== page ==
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Youth at the Bank

March 13, 2012

  • Youth are unemployed all over the world - which leaves them untapped, unable to contribute, frustrated and hopeless.
  • The Bank Group's Youth2Youth Community held a conference on global youth unemployment.
  • Experts say the problem must be addressed through partnership between private and public sectors, entrepreneurship, and the inclusion of the youth voice on the ground and at high levels of government.

March 13, 2012 - Many young people around the world are frustrated and voiceless. The rich resources they offer - to their communities and the world - remain untapped. They are, in a word, unemployed.

According to the International Labor Organization (ILO), youth aged 15 to 24 make up a whopping 40 percent of the global unemployed. The reasons are varied and complex. In some contexts, the skill sets of educated youth do not match employer demands. In others a “last hired, first fired” mentality is stacked against youth. And sadly, in many places local corruption or conflict drive youth to the imagined glamour of organized crime.

And then there is the conundrum perhaps familiar to us all: you need experience to get a job, but you need a job to gain experience.

Young Bank staffers from the Youth2Youth (Y2Y) community convened youth experts and advocates from inside and outside the Bank in Washington on March 7 to discuss the issue at the Global Youth Conference 2012 on Youth Unemployment: Empowering Solutions through Innovation and Inclusion. The conference was also webcast, with online participants from over 20 countries.

Youth unemployment is an issue common to the developing and developed worlds alike. The effects range from the Arab Spring to violence on the streets of London,” says Kavita Gupta, co-secretary of the Y2Y group. “We, the youth at the Bank, feel for this global problem and can relate to its causes and effects too.”

The over-arching question of the conference was: So what do we do about youth unemployment? Here is what participants had to say.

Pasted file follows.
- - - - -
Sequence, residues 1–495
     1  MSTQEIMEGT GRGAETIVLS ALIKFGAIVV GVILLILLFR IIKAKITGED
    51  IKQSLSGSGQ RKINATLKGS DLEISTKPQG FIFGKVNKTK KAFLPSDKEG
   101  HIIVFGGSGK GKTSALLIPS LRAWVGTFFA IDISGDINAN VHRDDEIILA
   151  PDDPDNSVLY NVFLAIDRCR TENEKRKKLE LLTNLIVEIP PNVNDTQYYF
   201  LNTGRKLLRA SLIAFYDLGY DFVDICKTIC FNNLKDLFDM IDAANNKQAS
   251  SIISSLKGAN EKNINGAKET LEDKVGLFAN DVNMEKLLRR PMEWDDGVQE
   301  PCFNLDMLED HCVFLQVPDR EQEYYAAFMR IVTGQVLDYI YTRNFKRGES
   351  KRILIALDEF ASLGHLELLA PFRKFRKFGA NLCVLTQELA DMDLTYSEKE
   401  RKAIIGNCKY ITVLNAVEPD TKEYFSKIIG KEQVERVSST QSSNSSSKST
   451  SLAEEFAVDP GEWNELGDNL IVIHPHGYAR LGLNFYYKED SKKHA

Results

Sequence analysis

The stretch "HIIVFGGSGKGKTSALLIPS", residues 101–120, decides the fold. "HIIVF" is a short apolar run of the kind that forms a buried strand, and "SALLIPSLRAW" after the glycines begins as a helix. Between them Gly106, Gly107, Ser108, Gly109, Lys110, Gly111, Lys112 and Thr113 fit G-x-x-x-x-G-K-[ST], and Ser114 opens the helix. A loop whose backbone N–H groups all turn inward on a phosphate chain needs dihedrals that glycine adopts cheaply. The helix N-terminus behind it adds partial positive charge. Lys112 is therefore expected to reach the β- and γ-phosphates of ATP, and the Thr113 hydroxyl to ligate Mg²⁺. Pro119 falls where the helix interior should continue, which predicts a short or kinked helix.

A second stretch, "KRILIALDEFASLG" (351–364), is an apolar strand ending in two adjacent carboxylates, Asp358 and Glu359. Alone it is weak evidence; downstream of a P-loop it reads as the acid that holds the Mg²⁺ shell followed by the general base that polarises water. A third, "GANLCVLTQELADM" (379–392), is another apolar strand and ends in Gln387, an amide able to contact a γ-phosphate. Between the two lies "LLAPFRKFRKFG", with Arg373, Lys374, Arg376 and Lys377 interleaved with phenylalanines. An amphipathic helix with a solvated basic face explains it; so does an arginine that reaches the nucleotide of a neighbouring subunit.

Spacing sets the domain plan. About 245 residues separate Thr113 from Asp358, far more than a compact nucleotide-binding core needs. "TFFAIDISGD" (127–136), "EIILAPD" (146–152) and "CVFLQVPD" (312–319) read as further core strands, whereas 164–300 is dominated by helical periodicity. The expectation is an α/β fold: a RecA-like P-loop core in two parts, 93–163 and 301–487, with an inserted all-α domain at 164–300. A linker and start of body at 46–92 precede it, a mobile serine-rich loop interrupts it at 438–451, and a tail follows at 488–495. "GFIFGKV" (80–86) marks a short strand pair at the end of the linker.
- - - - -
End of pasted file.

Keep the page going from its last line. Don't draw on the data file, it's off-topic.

“Change education and educate to change.”

Managing Director Caroline Anstey said the mismatch between skills provided by current education systems and skills needed in the work force needs to be addressed. Samuel Freije-Rodriguez, a Bank economist in LCR, impressed the need to reeducate policymakers to include a job lens—a country's GDP can increase without remedying high unemployment or raising the quality of jobs and standard of living for its population. Chinese entrepreneur Jianxiong Peng talked about the need for government and the private sector to work closely in fostering youth entrepreneurship.

“Never give up.”

Youth should assert themselves and take responsibility for their own futures through networking and self-organization, said Branka Minic, director of Global Corporate and Government Affairs at Manpower, a world-renowned global staffing firm. But governments and companies should also include young people as honest partners, said Ronan Farrow, advisor on Youth Issues to US Secretary of State Hillary Clinton. Farrow lauded youth who are already engaged in the political process and who push boundaries to make themselves heard. Known for being tech savvy, Farrow tweeted to followers before his presentation resulting in hundreds of responses and follow up questions from around the world.

“Do something crazy.”

These words came from the sly humor of Dennis Szeszko, a botanist-turned-entrepreneur who started a business exporting orchids from Mexico to other countries. Szeszko urged youth to find their passion, come up with an idea, and follow that idea to a beneficial end, sometimes purely by asking for what they want.

Szeszko's message was echoed by the personal poverty-to-success stories of E. Sarathbabu, an Indian food industry entrepreneur, and Nnaemeka Ikegwuonu, founder of a community owned and managed radio station for farmers in Nigeria.


Participants did some role playing too. Breaking into groups, they traveled to the fictional country of “Utopia,” where the service-based economy and free-floating currency had been hit hard by the financial crisis and young people had become victims of the narrowing job market.

A common theme among the suggested solutions was the need for a multi-faceted partnership between government ministries, the private sector, academia, and NGOs to create an environment in which youth could be considered honest partners and use their voice in policy making and problem solving.

Y2Y is a group of young staff members (under age of 33) formed to channel the fresh ideas and create a partnership between young and Sr. staff members to develop and implement ideas and policies. Founded in 2004, today it boast of more than 1000 members across the 120 World Bank's country offices.